At Wed, 28 Jan 2015 16:21:51 -0700, Byron Davies wrote: > Your code, commented: > > (define orig-i (current-inspector)) ; saves the original inspector > (define sub-i (make-inspector orig-i)) ;make a new inspector whose parent > is the original inspector > > (current-inspector sub-i) ;makes the new inspector the current inspector > (struct a (x)) ; creates a structure using the new inspector as the > default inspector > (define v (a 1)) ; creates an instance of the new structure > (current-inspector orig-i) ;reverts the inspector to the original (the > parent of the new inspector) > > I see how this works, but I'm a little confused about why it works. I see > that the new inspector is a child of the old one, and I read in the > reference chapter that access is determined not by the inspector in force > at creation time, but by the parent of that inspector, i.e., the old > inspector. I can't find any description of the "power" of an inspector, > except that the parent is more powerful. > > Are there degrees of power? Or if you have access to the parent do you have > all the power you can have?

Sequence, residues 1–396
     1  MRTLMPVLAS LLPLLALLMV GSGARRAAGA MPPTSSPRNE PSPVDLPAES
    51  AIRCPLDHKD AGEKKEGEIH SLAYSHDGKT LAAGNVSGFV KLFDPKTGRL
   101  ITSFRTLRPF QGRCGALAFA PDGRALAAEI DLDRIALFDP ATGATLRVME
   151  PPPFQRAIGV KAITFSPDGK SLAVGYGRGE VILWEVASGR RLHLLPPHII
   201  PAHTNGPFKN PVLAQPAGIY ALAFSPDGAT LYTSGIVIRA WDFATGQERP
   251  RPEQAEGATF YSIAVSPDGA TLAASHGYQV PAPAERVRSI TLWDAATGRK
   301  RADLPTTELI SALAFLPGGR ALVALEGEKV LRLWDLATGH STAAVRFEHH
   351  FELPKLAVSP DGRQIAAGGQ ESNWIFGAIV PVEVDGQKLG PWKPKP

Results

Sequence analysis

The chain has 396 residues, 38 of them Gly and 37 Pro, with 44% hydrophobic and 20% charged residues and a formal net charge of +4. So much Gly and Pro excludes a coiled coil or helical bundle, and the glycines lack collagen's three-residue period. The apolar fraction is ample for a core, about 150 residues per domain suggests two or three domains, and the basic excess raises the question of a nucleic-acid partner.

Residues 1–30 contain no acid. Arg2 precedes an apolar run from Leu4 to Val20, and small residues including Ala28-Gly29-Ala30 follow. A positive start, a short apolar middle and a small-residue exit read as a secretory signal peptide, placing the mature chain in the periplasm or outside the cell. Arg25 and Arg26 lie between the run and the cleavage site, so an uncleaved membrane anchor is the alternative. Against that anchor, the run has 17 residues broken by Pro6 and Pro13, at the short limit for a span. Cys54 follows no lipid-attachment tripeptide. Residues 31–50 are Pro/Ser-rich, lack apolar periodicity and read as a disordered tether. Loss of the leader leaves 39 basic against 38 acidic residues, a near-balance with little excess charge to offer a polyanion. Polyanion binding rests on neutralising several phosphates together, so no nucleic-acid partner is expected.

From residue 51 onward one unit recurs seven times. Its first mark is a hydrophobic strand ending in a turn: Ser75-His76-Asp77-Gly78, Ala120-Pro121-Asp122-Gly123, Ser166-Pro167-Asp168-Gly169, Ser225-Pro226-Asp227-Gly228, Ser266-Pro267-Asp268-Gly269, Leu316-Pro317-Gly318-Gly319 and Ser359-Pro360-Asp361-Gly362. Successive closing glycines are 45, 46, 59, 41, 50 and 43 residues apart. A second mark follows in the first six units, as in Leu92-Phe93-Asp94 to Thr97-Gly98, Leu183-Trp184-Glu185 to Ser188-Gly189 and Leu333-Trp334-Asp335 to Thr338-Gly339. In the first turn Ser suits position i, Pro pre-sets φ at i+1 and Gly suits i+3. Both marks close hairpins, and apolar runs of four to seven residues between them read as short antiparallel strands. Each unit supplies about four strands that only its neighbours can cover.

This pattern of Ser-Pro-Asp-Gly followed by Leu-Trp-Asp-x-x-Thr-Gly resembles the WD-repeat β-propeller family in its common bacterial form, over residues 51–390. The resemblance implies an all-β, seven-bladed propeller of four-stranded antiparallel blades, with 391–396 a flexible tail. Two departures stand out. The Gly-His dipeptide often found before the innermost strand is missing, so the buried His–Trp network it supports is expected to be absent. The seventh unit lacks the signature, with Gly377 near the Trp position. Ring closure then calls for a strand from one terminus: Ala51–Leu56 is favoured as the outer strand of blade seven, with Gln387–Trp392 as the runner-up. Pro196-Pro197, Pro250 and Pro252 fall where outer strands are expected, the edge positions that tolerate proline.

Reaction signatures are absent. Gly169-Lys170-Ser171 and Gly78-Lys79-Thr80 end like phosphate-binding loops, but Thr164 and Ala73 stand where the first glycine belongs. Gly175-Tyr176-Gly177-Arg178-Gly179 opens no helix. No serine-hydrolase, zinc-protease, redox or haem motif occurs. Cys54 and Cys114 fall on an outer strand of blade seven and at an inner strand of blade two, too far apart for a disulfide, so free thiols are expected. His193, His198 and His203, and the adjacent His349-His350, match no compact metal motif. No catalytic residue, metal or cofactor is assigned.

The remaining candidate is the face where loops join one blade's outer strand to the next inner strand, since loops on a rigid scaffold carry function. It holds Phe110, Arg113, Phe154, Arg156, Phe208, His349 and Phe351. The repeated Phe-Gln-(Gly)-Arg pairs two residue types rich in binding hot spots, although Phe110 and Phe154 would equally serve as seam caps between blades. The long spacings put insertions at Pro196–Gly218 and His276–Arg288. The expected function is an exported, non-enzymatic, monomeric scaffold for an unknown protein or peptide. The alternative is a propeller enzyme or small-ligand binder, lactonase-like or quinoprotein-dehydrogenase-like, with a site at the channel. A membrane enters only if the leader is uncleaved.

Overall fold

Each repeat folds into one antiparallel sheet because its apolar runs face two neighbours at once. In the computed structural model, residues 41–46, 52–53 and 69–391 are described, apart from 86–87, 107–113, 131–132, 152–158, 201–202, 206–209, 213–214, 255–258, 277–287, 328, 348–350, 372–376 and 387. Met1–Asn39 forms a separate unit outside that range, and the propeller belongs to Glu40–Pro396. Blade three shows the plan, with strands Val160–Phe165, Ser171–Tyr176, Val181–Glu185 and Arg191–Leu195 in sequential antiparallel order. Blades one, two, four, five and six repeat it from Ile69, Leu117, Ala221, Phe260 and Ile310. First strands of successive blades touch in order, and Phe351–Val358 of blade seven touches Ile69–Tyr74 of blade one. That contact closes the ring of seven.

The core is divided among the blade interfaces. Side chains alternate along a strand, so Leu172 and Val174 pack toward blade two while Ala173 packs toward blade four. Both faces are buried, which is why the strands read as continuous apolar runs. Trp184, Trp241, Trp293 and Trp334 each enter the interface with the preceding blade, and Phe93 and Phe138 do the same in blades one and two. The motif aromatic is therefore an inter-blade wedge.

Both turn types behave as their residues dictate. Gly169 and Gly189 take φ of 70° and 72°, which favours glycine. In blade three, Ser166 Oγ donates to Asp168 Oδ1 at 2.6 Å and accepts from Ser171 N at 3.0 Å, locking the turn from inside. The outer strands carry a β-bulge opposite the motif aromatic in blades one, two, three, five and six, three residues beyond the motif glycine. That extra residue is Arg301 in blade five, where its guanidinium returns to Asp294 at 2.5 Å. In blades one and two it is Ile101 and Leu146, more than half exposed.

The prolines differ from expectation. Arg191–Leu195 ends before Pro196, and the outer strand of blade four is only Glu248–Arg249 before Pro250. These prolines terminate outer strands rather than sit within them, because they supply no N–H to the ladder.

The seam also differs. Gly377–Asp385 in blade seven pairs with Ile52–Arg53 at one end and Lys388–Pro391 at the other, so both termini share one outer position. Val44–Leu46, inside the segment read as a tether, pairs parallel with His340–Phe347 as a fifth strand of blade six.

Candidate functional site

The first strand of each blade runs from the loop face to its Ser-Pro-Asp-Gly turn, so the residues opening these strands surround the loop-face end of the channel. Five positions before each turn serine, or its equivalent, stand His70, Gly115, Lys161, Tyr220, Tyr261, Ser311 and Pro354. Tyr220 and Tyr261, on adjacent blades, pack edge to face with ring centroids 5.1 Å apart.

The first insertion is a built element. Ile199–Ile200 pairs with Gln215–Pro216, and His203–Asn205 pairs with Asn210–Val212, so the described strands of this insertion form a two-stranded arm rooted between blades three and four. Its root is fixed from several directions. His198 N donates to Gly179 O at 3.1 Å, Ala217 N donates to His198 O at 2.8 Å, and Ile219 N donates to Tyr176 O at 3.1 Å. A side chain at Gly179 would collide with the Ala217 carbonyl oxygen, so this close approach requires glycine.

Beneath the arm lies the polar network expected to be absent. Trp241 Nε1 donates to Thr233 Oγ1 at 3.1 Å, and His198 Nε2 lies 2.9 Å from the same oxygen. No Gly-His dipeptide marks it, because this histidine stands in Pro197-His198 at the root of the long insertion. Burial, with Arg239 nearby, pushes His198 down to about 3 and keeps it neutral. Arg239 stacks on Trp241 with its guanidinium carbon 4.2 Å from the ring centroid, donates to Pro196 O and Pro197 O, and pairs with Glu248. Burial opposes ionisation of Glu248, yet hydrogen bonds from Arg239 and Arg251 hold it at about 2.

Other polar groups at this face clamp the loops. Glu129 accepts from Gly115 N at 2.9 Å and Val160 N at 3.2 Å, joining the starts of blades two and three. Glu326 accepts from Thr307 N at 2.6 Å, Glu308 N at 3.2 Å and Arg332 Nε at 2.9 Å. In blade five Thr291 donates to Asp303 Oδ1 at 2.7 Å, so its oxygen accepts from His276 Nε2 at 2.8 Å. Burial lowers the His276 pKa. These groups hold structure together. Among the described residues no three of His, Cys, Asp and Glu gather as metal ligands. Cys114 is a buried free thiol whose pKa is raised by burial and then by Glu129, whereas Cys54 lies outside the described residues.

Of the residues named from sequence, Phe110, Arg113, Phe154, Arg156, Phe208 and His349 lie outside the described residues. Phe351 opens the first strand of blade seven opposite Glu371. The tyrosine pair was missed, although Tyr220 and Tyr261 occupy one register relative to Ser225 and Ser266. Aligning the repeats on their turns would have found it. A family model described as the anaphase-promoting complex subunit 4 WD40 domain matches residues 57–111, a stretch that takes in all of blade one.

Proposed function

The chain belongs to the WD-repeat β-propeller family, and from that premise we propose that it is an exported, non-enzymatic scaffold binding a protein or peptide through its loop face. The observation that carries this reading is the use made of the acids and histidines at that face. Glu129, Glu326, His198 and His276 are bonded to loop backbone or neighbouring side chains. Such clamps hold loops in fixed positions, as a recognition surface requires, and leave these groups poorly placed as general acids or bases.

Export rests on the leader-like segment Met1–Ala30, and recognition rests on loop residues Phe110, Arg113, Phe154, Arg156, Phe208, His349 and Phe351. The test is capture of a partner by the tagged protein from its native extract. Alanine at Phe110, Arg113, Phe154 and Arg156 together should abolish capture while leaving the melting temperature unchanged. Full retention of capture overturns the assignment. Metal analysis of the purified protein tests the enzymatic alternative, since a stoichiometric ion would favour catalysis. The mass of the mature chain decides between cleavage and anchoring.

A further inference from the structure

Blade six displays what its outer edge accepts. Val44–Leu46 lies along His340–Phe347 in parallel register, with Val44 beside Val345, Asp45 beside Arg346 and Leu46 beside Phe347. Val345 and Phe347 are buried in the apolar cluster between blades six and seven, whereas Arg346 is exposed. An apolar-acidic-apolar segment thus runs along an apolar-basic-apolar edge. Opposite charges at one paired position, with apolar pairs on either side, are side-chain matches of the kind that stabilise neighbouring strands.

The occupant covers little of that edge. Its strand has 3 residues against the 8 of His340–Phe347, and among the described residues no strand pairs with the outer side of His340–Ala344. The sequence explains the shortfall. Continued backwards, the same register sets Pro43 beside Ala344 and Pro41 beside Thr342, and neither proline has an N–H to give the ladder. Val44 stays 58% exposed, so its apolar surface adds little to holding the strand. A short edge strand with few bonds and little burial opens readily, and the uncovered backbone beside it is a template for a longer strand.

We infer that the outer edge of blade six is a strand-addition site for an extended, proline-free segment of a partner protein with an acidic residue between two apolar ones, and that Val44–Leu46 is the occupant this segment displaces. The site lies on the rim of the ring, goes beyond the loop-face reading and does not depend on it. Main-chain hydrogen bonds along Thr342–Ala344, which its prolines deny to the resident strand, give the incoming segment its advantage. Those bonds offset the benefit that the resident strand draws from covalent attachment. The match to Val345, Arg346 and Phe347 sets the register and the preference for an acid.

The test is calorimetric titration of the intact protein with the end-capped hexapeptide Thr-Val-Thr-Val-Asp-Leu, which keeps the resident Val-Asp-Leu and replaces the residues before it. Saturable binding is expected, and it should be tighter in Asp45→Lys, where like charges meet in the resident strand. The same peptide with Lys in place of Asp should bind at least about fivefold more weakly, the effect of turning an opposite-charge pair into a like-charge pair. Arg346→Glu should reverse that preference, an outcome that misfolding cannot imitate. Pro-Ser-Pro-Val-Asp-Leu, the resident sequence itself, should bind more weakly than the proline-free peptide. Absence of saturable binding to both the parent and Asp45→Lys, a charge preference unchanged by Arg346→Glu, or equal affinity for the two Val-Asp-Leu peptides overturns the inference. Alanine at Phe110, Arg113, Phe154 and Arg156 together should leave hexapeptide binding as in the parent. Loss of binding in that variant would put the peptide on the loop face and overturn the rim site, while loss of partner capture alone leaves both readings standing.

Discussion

There are degrees only in that you can have a hierarchy of inspectors. Inspector I is more powerful than inspector J if I is an ancestor of J. I'll try to improve the docs, such as replacing "more powerful than" with "an ancestor of". > I see that the inspector gives you access to > the data in a structure instance, but does it also give you access to > meta-data, so that I know that the name of the first field in struct a is x? You get access to all the metadata. It turns out that fields currently have only positions, not names, but that choice was not a good one. We plan to add support for field names in the near future, in which case the information will be accessible through an inspector. > I also don't understand how the root inspector works. I have found that > setting (current-inspector root-inspector) delivers endless left parens for > the (a 1) example, presumably because the display function recursively > tries to inspect the components of the struct, all the way down. That's a problem in the pretty printer. The pretty printer's implementation includes (cond .... [(struct? v) ....] .... [(unquoted? v) ....] ....) where `unquoted` is an internal structure. By setting the inspector to the root inspector, a value that satisfies `unquoted?` also satisfies `struct?`, and so printing doesn't reach the intended case. I'll push a repair. > Finally, does this also work for classes? Yes. Reflective access to information via `object-info` and `class-info` is controlled by inspectors. _________________________ Racket Developers list: http://lists.racket-lang.org/dev